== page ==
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|Title:||Distribution and fate of energetics on DoD test and training ranges : interim report 6|
|Authors:||Defence Research Establishment Valcartier.|
Institut national de la recherche scientifique (Québec)
Naval Explosive Ordnance Disposal Technology Center (U.S.)
United States. Army. Redstone Technical Test Center.
AMEC Earth and Environmental.
Cold Regions Research and Engineering Laboratory (U.S.)
Strategic Environmental Research and Development Program (U.S.)
Pennington, Judith C.
Jenkins, Thomas F.
Ampleman, Guy, 1954-
Thiboutot, Sonia, 1962-
Hewitt, Alan D. (Alan Dole)
Bjella, Kevin L.
Ramsey, Charles A.
Hayes, Charolett A.
Yost, Sally L.
Marois, André, 1959-
Crutcher, Thomas A.
Harriz, J. Kimberly.
Bigl, Susan R.
Berry, Thomas E.
Lambert, Dennis J.
Bishop, Michael J.
Walsh, Marianne E.
Walsh, Michael R.
Fate and transport of explosives
|Publisher:||Environmental Laboratory (U.S.)|
Engineer Research and Development Center (U.S.)
|Series/Report no.:||ERDC TR ; 06-12 rept. 6.|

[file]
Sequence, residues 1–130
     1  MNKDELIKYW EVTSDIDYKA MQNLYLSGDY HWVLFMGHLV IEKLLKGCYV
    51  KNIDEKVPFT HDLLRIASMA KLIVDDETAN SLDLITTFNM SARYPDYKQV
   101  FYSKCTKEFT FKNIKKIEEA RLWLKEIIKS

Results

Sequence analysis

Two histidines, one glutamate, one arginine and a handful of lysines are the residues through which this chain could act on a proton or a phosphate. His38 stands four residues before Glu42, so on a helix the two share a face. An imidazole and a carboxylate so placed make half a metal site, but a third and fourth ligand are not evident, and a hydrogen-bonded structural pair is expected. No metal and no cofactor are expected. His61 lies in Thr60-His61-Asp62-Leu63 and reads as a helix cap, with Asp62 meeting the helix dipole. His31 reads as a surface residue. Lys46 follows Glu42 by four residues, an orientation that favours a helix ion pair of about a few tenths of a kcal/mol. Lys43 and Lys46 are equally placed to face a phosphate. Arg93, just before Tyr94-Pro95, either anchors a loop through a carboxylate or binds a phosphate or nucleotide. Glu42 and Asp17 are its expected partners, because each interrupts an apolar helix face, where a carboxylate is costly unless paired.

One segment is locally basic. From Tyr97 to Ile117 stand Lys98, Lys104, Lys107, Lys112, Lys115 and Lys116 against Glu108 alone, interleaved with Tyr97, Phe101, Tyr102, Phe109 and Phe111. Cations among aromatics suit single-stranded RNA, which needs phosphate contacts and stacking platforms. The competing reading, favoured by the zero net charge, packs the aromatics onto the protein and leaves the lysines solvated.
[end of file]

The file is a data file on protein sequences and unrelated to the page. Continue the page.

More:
Abstract: Understanding the potential for generation and transport of residual explosives is necessary to sustain live-fire training ranges. The objective of this study was to characterize the distribution and fate of explosive residues from various training activities. The physical and chemical properties, concentrations, and distribution of residues in soils, and the potential for transport to groundwater were defined. Surface soils associated with impact craters, target areas, and firing points on U.S. and Canadian ranges were characterized. Residues from high-order, low-order, and blow-in-place detonations were described and quantified. Parameters suitable for use in fate and transport models and environmental risk assessments were determined for constituents of concern. Results demonstrated that residues are specific to range activities. Demolition areas, low-order detonations sites, and firing positions have great potential for accumulation of residues. Demolition typically generates small areas of relatively high concentrations. Low-order detonations generate primarily large solid particles reflecting the composition of the predetonation explosive. Artillery and mortar impact areas tend to have low concentrations of widely distributed constituents. Firing positions may exhibit high concentrations of propellants. Results of this study provide a realistic evaluation of training range residues and a scientific basis for development of control measures for explosives residues.
|Rights:||Approved for public release; distribution is unlimited.|
|Appears in Collections:||Technical Report|